As a young man growing up in post-World War II Alabama, John Day lived in a household that was dedicated to healing others. His father was a surgeon and his mother was an internist, who often took him on house calls or on her hospital rounds. But no one could predict that an encounter with a pop culture icon would help the future Dr. Day forge his own unique path in the medical profession.
When Day was nine years old, his mother introduced him to Helen Keller. The author and political activist’s story, who was immortalized in “The Miracle Worker,” was stricken with an illness when she was just 19 months old which caused her to go deaf and blind. But even as a child, Day new that Keller had senses far beyond the physical realm.
“I knew that Miss Keller could see, despite her physical blindness. I had a real sense of knowing that,” recalled Day of his meeting with Keller in the parlor at her sister’s home in Montgomery, Alabama. “She was very aware of my presence as a child. She offered me her blessing in a particular, intimate way.”
Over the years, Day reflected on the encounter of the then 80-year-old Keller, “I always held that meeting and wondered about that ability to see, which I never disregarded from her... There was something that she did at one point, where she had to know exactly where I was and I hadn’t made a peep. And she walked straight toward me and felt my face to see what I looked like and then she kissed me on the forehead because she liked it.”
His time with Keller was clearly powerful and life changing. But there was another woman, whose words of wisdom, would also greatly impact Day’s approach to medicine later in his life. “Once I asked my mother if she’d ever saved anyone’s life and she said, ‘No, God does that,’” remembered Day. “That always stuck with me. It was the most important medical teaching that she ever gave me in the course of my years. So I took that and I still work from that particular understanding and that particular foundation.”
While he went on to study traditional methodology in college and med school, ultimately becoming a surgeon, Day sought out knowledge beyond what his text books offered. That included exploring Eastern mysticism and Christian mysticism as well as, according to Day, “yoga, natural healing, whole foods, natural foods, off the line ways of thinking that conventional society or conventional medicine didn’t have any grasp on at all. And so, in the ‘70s, which is when I was in college in medical school, this was stuff you just had to seek it out.”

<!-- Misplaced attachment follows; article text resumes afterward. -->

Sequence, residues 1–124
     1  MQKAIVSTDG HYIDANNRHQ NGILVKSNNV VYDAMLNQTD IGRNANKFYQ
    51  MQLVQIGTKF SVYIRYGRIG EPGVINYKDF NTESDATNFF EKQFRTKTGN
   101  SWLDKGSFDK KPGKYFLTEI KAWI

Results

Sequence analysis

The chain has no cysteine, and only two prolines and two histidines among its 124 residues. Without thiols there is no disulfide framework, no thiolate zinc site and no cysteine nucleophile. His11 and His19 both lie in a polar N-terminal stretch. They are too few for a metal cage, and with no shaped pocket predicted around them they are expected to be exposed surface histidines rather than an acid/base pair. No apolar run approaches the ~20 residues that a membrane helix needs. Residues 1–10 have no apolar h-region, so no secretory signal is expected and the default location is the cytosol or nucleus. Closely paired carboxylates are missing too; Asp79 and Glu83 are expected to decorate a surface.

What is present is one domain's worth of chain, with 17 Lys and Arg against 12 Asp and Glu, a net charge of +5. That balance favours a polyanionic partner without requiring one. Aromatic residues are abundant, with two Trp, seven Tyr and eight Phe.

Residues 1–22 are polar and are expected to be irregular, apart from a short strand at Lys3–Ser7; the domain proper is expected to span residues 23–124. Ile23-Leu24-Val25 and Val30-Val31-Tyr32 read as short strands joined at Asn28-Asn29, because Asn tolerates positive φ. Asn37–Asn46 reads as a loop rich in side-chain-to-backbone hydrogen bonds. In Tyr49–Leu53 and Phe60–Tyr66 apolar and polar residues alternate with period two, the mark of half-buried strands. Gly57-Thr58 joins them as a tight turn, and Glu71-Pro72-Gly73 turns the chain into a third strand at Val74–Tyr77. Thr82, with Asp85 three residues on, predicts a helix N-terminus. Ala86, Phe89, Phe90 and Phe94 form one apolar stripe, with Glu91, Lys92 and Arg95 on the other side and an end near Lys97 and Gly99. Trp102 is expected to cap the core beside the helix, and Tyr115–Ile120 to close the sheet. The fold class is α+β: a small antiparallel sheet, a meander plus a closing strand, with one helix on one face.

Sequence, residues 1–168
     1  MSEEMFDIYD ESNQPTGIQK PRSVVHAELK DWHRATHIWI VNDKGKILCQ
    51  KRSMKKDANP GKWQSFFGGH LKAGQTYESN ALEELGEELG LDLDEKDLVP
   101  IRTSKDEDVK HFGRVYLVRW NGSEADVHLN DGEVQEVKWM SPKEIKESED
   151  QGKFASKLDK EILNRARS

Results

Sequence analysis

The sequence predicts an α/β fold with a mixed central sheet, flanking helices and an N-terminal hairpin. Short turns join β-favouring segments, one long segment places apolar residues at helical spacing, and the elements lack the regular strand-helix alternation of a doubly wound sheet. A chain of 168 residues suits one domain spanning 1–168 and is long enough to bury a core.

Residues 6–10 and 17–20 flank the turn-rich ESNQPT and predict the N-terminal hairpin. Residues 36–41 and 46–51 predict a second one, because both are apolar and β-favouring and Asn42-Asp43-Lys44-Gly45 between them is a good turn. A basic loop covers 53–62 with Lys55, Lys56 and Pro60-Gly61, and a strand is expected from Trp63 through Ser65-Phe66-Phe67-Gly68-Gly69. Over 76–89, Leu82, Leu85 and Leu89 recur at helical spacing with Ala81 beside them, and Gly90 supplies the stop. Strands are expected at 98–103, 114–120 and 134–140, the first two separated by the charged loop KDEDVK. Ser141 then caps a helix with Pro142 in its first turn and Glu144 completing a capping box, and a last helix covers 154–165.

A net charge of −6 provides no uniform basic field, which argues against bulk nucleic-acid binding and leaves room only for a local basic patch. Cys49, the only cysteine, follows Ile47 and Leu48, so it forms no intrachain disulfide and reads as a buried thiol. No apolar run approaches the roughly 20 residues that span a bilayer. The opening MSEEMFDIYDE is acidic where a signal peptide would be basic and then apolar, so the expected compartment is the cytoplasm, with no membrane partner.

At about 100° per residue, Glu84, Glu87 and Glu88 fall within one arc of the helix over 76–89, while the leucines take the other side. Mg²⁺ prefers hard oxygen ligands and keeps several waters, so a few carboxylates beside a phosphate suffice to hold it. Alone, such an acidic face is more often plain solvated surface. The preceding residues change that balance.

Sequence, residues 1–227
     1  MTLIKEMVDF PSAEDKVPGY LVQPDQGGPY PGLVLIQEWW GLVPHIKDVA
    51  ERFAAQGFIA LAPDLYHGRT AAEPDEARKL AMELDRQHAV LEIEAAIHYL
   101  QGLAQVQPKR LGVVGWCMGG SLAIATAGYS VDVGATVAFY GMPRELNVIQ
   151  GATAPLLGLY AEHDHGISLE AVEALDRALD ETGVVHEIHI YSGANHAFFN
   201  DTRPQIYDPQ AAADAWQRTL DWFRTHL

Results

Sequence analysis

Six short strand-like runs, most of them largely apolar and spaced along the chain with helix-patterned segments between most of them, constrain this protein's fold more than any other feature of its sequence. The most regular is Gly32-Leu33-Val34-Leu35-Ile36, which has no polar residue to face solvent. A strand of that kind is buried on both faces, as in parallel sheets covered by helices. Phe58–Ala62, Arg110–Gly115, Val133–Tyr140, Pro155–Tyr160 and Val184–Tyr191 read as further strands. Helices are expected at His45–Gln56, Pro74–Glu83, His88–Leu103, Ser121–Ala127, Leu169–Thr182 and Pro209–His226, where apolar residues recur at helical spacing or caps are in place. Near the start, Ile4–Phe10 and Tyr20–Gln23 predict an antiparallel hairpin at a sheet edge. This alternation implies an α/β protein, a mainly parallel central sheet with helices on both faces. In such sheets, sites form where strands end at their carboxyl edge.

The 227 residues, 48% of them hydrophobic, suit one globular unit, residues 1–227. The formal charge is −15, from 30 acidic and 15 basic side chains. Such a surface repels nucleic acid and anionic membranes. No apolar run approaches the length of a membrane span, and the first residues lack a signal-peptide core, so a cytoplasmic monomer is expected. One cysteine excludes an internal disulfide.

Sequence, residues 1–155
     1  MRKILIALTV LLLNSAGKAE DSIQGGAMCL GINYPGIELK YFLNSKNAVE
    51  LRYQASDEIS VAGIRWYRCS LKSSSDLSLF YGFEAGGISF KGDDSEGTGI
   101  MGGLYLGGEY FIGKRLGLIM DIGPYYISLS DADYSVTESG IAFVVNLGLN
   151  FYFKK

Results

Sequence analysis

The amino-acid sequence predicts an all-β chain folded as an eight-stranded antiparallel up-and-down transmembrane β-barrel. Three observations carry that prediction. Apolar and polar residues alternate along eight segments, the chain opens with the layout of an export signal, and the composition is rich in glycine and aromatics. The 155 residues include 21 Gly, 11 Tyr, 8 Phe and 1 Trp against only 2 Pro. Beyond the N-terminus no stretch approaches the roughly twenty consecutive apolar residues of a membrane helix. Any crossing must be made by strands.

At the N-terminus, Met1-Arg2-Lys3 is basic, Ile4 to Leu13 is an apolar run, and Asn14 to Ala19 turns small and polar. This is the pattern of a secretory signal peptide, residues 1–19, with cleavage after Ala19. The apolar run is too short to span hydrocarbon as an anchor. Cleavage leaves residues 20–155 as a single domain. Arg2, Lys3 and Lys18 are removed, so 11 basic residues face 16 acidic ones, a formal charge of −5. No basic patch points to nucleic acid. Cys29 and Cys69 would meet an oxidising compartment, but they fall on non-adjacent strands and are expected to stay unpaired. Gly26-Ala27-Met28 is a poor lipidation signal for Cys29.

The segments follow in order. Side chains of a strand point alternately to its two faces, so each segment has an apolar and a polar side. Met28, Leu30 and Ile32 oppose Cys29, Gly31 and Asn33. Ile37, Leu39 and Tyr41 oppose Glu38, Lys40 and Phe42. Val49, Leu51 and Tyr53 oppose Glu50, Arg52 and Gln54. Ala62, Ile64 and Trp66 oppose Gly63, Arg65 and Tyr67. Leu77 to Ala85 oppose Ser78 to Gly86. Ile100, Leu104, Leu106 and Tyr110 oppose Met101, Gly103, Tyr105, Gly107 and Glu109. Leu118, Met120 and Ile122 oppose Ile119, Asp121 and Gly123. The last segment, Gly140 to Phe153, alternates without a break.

While in New Orleans at Tulane University School of Medicine, Day found himself in a place that “opened up a whole other dimension.” There he learned about a type of healer known as a traiteur. He explained, “It’s basically the root word for treater, like ‘to treat.’ But ostensibly in Cajun French it equates to healer. So the traiteur tradition, from the Cajun people arose because those people, back in the 1800s and early 1900s, when they came to Acadiana and settled Louisiana, they didn’t have money to go see physicians. And so they had their own folklore of healers.”
The tradition, not to be confused with black magic or voodoo, became far less prevalent in post-World War II Louisiana. But Day was drawn to the concept. “In the traiteur tradition, there’s no set way to become one. Except there’s one specific requirement, and that is that the traiteur offer themselves as a healing conduit or a healing channel through which some kind of divine grace of healing may flow — from its source to the traiteur to the patient. And that was in keeping with my mother’s original statement so she really did initiate me into the work of traiteur.”
Today, Day combines all of his powers of healing to create an integrated model to help his patients. After retiring from his surgical practice in 2001, he established the Haelan LifeStream Center. The spacious retreat located in Crestone, Colorado, is a destination for those seeking Day’s expertise.
He described his approach to treatment there, “I work with people with any issues that they have that they want to address or get help with, related to body, mind, emotion and spirit. So I call that a quaternary — the four parts of being… In the conventional system of surgery and medicine, we reduce the human into all the different organ systems. And in this system, the Haelan Lifestream model, a human is reduced in a reductionist model into body, mind, emotion and spirit, which come together around the heart, the heart consciousness and the electromagnetics of the heart, which is the true seat of the mind.”
Most patients seek Dr. Day’s counsel after getting a diagnosis or because they have been put on a regimen of pharmaceuticals. He conceded that most people come to him with physical concerns but he quickly introduces them to his methodology, “I explain to them the matters of body, mind, emotion and spirit that I help people with. And then they shift gears and they tell me a whole different series of chief concerns. We go back into the traumatology of their childhood, their abuses, their hard journey and so forth and then it becomes a richer story. And what I’m trying to get at there, in helping them open up at that level, is to know the story that got to this point that they came up with some kind of disease in solid form.”
Looking back at Dr. Day’s story, it’s clear that his ultimate path can be traced back to those two important women from his childhood — Helen Keller and his mother. “Those two events, brought about or engineered by my mother if you will,” conceded Day, “opened me to a life-long study of the multi-dimensional world, the trans-dimensional world, the world of spirit, the world of natural healing.”
To learn more about Dr. John Day and The Haelan LifeStream Center and Retreat, visit his official website.